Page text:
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How to find which SQL is holding a lock when its not v$session.sql_id or v$session.prev_sql_id

Nels Quinn
Nels Quinn Member Posts: 11
edited Oct 22, 2015 1:06PM in General Database Discussions

Hi all,

Looking for a nudge in the right direction on a puzzling problem with blocking locks in our EBS database...

We occasionally will experience blocking locks in our EBS 12.1.3 database (11.2.0.4 RAC on OEL5).   I can easily determine the INST_ID and SID holding the lock with this:

     select final_blocking_instance, final_blocking_session from gv$session where lockwait is not null;

and can use these results to find the specific object being blocked by querying gv$locked_object where session_id = xxx and inst_id = xxx.   These blocker sessions are typically inactive with an event of "SQL*Net message from client" - so they seem to be users connected to the database who simply need to commit or rollback their transactions.   Usually when I see this type of behavior, the specific query involved in the unresolved transaction is easily found by taking the SQL_ID (or sometimes the PREV_SQL_ID) value from gv$session and querying gv$sql.  I can then use this info to better understand what the users are trying to accomplish and help them understand what they need to change to avoid the blocking problem.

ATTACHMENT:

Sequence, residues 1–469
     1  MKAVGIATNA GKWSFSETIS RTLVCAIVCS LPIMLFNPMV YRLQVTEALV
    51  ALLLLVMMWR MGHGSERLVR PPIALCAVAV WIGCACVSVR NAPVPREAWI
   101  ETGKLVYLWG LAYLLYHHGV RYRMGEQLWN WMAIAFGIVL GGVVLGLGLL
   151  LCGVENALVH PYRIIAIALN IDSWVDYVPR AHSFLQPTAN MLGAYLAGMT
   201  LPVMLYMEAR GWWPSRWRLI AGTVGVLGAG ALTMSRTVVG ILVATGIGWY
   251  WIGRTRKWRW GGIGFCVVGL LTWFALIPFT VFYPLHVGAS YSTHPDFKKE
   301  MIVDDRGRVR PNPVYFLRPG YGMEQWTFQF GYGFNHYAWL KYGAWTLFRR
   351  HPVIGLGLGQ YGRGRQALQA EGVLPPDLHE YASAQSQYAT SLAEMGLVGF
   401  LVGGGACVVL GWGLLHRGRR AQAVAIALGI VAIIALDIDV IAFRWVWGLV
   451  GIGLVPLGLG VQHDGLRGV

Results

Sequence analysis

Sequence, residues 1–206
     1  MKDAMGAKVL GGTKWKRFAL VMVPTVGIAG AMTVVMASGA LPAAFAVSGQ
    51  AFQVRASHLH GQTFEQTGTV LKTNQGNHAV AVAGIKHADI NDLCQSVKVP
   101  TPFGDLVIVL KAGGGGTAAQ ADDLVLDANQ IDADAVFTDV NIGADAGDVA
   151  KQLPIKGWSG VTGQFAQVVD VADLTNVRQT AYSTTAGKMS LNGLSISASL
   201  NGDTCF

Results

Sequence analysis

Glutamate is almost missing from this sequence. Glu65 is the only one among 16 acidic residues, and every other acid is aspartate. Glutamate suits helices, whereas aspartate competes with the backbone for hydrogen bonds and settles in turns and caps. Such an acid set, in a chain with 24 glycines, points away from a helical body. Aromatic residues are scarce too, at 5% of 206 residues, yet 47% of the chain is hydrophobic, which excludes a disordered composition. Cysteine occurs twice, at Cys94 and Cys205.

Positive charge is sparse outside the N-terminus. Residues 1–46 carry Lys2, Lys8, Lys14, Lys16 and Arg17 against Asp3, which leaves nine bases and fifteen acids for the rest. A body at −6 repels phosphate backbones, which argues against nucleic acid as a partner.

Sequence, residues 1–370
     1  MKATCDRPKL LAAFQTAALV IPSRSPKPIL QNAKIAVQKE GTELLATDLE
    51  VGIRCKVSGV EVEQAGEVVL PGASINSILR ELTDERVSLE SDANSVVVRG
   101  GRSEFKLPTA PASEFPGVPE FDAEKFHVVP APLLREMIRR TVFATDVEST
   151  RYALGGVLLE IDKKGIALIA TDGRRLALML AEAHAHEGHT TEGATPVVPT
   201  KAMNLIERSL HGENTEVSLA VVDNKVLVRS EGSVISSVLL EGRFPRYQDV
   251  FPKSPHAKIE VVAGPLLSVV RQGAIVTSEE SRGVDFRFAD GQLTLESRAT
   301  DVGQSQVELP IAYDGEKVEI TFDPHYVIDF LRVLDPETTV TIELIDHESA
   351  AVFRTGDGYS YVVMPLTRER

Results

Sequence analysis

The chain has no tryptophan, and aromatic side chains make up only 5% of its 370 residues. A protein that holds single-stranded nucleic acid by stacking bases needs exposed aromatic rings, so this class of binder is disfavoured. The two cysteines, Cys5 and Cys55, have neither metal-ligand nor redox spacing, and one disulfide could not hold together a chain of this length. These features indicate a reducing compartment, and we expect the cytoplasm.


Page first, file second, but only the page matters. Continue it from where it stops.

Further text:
But recently we have integrated the Oracle Content Management add-on and it appears to have added (I suspect indirectly) triggers to many of the EBS forms our users work in.  Now we are experiencing these "idle form blocking locks" - and the value of SQL_ID is null and PREV_SQL_ID's related sql_text is

     SELECT * FROM AXF_COMMANDS_SYN WHERE FORMID = :b1 AND ( MENUTYPE = 'SPECIAL' OR MENUTYPE = 'ZOOMANDSPECIAL' ) AND AXF_COMMANDS_SYN.SPECIAL IS NOT NULL